Fake cop was drunk, high when he killed man in Lakeshore. ‘You cannot undo it,’ judge says

A New Orleans man who was in drug and alcohol-fueled rage when he impersonated a cop and killed a man in Hancock County is headed to prison for life without the chance of parole.

Christopher Neely May, 40, pleaded guilty Friday to first-degree murder in the June 7, 2017, shooting and beating death of Clifford Burke near Bayou Caddy.

When Hancock County sheriff’s deputies found Burke, he was in his pickup truck with gunshot wounds to the neck and abdomen, along with other injuries, according to the District Attorney’s Office.

Before Burke’s death, prosecutors said he was able to give a description of the suspect’s car — a white Crown Victoria with a strobe light in the front grill that made it appear to be a police car.

Burke told authorities May had stopped him.

Hancock County deputies arrested May after they spotted the car in a casino parking lot and found the murder weapon inside, Assistant District Attorney Chris Daniel said.

Before his sentencing, May said he had been kicked out of a casino that morning because of he was high and drunk. He said he wanted to go fishing so he stopped Burke and the two ended up in an argument.

In the two years since the murder, Burke’s brother, James Burke, said his mother had lost her husband and two sons.

“No mother deserves to witness three deaths in such a short time, and especially the murder of one of her children,” he said. “Her life will never be the same again, and she suffers daily because of what you did. Her heart is forever broken.”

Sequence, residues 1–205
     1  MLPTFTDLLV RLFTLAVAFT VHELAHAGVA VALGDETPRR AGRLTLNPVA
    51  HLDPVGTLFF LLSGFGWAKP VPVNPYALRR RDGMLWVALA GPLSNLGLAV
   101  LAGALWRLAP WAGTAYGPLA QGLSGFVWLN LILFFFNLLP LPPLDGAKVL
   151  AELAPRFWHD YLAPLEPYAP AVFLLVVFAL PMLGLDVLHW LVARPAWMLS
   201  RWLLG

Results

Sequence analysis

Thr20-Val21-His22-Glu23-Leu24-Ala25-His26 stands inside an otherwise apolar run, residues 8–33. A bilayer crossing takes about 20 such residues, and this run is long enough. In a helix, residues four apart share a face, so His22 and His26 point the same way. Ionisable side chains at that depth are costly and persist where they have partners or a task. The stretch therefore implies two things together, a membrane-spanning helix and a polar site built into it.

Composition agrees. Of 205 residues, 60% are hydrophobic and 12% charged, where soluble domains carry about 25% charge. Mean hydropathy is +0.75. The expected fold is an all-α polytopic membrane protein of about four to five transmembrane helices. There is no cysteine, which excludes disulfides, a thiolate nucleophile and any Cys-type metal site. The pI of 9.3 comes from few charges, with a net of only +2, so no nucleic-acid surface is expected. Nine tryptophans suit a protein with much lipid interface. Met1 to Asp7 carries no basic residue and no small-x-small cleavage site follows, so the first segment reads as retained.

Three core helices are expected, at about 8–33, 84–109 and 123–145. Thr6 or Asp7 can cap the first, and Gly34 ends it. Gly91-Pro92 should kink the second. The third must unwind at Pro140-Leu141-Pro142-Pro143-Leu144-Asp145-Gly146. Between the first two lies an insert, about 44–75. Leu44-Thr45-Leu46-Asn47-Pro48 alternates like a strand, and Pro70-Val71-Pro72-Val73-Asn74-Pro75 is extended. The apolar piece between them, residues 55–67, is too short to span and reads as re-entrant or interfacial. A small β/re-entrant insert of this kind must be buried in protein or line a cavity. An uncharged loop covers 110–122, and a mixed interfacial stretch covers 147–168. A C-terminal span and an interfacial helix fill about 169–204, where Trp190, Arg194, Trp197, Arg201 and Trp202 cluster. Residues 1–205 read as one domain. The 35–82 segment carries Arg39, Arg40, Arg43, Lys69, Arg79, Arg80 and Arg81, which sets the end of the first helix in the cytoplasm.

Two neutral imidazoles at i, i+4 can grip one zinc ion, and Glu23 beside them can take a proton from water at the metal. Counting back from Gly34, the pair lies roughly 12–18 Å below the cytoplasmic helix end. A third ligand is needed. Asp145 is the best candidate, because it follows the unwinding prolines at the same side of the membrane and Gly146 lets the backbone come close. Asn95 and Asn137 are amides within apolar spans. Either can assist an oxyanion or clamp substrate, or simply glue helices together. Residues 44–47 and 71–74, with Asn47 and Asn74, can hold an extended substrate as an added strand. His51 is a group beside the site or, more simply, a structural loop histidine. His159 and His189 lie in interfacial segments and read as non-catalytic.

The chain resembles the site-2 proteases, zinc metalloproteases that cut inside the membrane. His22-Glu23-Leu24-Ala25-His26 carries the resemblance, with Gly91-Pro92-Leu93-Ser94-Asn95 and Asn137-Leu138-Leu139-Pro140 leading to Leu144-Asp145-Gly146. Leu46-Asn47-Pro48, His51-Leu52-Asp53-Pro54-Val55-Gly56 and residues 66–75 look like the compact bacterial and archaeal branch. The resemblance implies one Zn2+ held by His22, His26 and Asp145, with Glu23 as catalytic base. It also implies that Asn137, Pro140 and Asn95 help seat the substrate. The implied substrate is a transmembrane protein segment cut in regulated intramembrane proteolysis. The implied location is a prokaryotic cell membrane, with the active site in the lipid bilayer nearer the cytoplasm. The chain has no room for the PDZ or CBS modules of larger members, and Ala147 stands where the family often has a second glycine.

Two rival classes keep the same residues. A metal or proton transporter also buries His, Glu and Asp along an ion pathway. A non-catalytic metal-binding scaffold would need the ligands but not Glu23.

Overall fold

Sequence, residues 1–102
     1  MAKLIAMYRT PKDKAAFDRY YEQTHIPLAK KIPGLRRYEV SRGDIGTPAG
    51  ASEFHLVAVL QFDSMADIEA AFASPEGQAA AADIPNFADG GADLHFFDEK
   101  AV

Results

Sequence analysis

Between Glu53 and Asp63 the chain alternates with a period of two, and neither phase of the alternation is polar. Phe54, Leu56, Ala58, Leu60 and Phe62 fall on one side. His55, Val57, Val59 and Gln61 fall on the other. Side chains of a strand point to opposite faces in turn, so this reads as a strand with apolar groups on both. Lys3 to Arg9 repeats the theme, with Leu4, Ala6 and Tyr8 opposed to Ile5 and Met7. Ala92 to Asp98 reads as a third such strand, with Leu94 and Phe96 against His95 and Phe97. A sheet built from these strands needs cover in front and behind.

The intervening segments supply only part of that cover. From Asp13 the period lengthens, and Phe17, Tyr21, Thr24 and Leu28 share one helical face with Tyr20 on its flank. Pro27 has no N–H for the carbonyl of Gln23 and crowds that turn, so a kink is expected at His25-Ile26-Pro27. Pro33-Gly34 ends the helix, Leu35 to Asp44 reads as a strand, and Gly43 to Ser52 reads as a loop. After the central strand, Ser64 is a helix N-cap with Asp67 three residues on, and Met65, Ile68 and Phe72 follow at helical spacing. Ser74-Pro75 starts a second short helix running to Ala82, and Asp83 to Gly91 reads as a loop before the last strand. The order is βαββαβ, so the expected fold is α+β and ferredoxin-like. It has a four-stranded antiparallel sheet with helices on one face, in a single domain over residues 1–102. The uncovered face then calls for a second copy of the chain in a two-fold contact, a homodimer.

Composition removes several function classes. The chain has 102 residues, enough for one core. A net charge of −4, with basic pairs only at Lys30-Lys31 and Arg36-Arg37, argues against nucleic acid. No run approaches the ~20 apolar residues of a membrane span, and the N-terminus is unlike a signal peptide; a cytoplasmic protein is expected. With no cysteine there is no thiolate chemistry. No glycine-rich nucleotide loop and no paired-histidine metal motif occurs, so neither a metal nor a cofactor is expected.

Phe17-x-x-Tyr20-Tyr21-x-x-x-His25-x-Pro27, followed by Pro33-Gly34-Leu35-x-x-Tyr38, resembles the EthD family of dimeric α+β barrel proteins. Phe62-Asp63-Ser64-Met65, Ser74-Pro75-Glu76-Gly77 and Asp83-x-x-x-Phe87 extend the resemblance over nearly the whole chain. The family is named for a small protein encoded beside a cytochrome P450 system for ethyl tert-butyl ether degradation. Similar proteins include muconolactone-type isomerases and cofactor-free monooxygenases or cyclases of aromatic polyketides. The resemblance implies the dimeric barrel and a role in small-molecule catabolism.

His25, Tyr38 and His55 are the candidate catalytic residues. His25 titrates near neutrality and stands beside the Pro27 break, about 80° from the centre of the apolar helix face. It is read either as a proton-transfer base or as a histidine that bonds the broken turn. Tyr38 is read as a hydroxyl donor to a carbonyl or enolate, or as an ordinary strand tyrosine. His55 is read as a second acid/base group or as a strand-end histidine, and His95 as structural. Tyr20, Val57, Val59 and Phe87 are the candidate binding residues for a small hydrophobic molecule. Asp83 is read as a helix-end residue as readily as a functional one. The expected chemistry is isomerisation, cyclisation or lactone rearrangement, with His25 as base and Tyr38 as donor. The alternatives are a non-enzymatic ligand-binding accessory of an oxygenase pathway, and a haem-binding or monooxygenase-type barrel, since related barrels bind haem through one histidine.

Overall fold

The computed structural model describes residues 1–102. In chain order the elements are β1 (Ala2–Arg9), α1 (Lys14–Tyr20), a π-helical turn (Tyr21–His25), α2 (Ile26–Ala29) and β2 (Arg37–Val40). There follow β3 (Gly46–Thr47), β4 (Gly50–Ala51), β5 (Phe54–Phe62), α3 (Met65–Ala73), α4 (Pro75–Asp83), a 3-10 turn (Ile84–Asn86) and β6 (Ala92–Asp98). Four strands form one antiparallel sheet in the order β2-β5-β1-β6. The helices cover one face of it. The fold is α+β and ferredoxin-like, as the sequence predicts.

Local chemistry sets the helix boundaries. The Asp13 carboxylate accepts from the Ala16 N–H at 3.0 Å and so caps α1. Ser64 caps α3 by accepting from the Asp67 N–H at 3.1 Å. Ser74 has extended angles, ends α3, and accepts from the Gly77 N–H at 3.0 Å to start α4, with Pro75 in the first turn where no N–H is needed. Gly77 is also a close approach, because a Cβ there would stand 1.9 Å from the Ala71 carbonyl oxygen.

May apologized to the Burke family, blaming what happened on his drug and alcohol use.

Judge Lisa Dodson told May what he had done was an “inexcusable crime driven by cocaine and alcohol,” before she imposed the life sentence.

“You made a really bad decision, and it has affected his family and yours,” Dodson said. “It was a completely senseless act. You cannot undo it.”

District Attorney Joel Smith echoed the sentiment.

This was an inexcusable crime driven by cocaine and alcohol,” Smith said. “This is an important day for Mr. Burke’s family as they seek justice for the loss of a beloved son and father. We appreciate the dedication and commitment of the deputies who made the arrest and gathered the evidence which led to May’s conviction.”

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Margaret Baker is an investigative reporter whose search for truth exposed corrupt sheriffs, a police chief and various jailers and led to the first prosecution of a federal hate crime for the murder of a transgendered person. She worked on the Sun Herald’s Pulitzer Prize-winning Hurricane Katrina team. When she pursues a big story, she is relentless.